“Oh Christmas tree, oh Christmas tree, the leaves are so unchanging. Not only green when summer’s here, but also when it’s cold and drear.” The 18th-century German Christmas carol “O Tannenbaum” was translated into English in 1824 and remains a classic.

The evergreen tree was an ancient symbol of life in the midst of winter. Romans decorated their houses with evergreen branches during the New Year. In northern Europe, the tradition was to cut evergreen trees and plant them in boxes inside homes during wintertime.

There are quite a number of people who buy a tree and then end up putting it at curbside for disposal. If you are one of them, you may want to consider purchasing a potted living Christmas tree.

Some Christmas celebrations are important enough to commemorate by planting the tree that was an intimate part of that special Christmas Day.

Before you decide on using a live Christmas tree, make sure you have room for it in your landscape. Remember, little trees eventually grow into larger timber trees given time and care. They should not be used as foundation plantings. The tree should be used in living fences or as specimen plants with plenty of elbowroom.

The ideal situation would be to plan far enough ahead, giving you time to prepare a planting hole before the ground freezes. The planting hole should be three times the diameter of the root ball and as deep. Cover the hole with boards to prevent accidents. Adding 3 to 4 inches of mulch will lessen the chances of frozen soil. If possible, store the soil from digging out the hole in an area where it will not freeze.

Your tree will either be balled-in-burlap or bare-root-planted in a nursery container. As soon as you purchase the tree, check the root ball to make certain the soil is moist. If the soil feels dry, place the tree in a tub with 2 to 3 inches of warm water for one hour.

Gradually introduce your living tree from outside to inside over time. Allow three or four days using the garage or enclosed porch for acclimatization. A tree that is dormant and exposed to immediate warmth will start to grow. You want to avoid resuming active growth.

Check the tree for insects and insect egg masses before you introduce it to the indoors. Spray the needles thoroughly with an anti-transparent material such as Wilt-Pruf, which will minimize needle loss and also prevent the loss of valuable moisture that is needed to survive.

Locate your tree in the coolest part of the room and away from heating ducts. Place the containerized tree, balled-in-burlap, into a large galvanized tub or comparable container keeping the root ball intact. Since the tree is not stabilized in soil, you may have to use rocks to stabilize it. Remember, trees planted in soil in black nursery containers have drainage holes in the bottom; think about using an automotive oil pan, which is about 4 inches deep, to be sure there is no damage to the floor. Water your tree as often as necessary to moisten the roots but not keep them soggy. Never water beyond moist. Ice cubes have been suggested as a slow-release water source.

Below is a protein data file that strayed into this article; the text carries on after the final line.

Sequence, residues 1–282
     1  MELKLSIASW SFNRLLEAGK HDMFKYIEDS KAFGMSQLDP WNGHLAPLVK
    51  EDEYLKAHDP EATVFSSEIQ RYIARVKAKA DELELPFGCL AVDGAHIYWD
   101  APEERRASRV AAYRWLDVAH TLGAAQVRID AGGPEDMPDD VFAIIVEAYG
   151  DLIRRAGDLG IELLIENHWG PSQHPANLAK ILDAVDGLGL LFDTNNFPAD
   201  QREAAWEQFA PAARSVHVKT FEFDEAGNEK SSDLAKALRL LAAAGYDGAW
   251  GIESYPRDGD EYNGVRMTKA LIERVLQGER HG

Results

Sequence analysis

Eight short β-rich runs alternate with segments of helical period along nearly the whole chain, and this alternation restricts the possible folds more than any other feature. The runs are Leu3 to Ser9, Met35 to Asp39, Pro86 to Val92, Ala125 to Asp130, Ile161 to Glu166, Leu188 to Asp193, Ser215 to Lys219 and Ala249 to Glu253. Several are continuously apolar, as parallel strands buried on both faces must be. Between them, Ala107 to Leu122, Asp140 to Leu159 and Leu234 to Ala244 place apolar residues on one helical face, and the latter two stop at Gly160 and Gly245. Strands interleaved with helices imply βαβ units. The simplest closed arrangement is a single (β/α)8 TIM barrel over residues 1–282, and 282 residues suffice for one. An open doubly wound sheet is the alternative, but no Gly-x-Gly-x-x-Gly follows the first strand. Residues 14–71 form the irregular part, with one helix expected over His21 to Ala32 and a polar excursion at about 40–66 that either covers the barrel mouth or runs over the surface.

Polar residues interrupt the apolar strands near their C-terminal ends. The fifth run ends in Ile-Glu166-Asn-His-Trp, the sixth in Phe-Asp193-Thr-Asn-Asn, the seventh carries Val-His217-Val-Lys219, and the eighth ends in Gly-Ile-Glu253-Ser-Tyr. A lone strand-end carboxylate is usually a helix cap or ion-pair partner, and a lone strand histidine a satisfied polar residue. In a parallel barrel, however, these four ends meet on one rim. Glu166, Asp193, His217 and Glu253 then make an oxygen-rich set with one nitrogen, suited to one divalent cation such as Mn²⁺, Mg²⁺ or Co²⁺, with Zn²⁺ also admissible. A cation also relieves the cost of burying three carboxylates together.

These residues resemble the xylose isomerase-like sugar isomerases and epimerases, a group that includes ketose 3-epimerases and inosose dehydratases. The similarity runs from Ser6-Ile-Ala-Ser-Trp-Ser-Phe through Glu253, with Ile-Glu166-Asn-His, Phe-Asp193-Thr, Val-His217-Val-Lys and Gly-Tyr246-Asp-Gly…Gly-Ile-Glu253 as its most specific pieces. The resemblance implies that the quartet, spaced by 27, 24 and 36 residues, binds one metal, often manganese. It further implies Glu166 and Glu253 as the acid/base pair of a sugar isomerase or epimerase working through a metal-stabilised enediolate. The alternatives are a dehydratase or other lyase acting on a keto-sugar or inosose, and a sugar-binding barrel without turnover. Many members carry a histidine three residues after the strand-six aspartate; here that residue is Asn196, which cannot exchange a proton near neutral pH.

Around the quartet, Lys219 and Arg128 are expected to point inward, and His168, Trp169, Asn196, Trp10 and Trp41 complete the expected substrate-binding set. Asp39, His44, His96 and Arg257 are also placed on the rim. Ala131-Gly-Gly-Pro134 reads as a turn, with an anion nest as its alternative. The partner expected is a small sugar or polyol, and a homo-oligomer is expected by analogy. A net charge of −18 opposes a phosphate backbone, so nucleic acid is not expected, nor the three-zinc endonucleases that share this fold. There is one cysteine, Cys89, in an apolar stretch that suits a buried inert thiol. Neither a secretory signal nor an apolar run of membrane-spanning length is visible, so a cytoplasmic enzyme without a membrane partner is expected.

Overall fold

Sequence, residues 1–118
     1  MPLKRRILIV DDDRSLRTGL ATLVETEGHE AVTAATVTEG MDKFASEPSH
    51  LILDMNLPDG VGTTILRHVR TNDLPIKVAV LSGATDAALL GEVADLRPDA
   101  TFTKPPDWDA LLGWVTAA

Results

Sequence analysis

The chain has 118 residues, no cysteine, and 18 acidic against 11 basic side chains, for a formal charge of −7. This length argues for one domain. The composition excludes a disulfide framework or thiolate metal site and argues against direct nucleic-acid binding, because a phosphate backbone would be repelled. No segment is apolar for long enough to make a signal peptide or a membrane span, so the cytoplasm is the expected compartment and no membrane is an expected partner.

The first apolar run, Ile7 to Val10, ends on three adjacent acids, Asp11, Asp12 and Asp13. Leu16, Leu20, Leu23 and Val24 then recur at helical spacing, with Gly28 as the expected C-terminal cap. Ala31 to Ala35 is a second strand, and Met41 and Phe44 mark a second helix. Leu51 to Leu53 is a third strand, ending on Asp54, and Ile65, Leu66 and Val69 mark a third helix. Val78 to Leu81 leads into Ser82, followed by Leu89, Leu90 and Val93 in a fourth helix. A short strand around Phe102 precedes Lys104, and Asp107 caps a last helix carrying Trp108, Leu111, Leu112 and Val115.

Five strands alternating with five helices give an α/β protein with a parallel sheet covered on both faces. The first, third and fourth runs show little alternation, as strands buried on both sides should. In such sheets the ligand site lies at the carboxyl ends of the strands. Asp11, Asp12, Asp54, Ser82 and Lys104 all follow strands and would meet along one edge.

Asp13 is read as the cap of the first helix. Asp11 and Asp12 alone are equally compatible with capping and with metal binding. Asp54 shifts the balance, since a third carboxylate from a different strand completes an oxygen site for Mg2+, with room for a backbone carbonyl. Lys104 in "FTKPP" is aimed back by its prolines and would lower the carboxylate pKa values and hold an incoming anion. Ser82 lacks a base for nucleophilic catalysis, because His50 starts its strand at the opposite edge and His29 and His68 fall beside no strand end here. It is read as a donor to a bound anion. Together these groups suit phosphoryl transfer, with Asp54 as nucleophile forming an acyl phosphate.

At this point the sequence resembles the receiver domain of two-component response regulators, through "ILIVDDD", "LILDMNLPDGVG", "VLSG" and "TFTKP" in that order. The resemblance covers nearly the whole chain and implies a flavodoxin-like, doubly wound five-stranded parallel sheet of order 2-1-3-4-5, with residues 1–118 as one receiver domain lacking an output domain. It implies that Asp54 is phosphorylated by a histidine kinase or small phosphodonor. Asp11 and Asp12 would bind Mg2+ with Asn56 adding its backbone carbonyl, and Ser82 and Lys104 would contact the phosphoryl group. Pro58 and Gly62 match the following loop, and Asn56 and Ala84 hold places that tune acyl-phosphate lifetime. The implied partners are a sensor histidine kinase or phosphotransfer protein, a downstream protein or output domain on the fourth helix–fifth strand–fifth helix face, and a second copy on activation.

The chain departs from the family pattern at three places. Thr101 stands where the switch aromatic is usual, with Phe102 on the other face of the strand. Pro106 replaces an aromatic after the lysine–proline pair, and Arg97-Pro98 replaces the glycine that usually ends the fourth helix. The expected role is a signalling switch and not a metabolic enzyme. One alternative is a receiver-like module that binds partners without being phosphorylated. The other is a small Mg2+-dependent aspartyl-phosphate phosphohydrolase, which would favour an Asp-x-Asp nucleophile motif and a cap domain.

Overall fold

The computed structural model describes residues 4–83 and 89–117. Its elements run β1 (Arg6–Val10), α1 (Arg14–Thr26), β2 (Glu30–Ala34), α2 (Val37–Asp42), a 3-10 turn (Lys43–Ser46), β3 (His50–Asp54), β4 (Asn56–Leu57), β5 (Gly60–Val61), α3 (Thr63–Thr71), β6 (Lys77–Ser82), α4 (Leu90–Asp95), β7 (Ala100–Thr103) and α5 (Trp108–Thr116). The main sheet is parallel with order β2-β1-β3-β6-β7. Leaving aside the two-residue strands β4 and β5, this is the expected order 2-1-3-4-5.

Leave your tree inside no longer than five to seven days, some experts suggest only four days. Never add nutrients or fertilizers as that may initiate growth which you don’t want to occur.

Carefully introduce your tree back outside using the reverse procedure. Reacclimate your tree to outside temperatures by storing it in a sheltered porch or in a garage for several days. Remove the mulch at the planting site and place the tree in the prepared hole making certain that the root ball is at its original planting depth or slightly higher. Fill the space around the root ball half full of soil and pack firmly.

Loosen the burlap from around the root ball and fold or cut the burlap down to the packed soil. Try to loosen and spread the roots. Finish filling the space. Water with 3 to 5 gallons allowing the water to seep into the ground.

Anchor the tree to the ground with three pieces of clothesline tied to three stakes pounded into the ground 8 to 12 inches from the trunk of the tree. To lessen the chances of bark damage, avoid using wire on the tree. Reuse the mulch under the tree after planting.

I always admired the diligence of longtime friends in Tumalo who held to the tradition of a live Christmas tree while their family was growing up. The children are grown and now there is a wonderful living fence as a reminder of all the years of holiday celebrations.

I’m toying with the idea of purchasing a dwarf tree to use for the holidays and as the first step in revamping the landscape. Then on the other hand, think of all the drooping and contorted evergreen trees that could be considered a Charlie Brown tree.

It all depends on what makes you smile.

— Reporter: douville@bendbroadband.com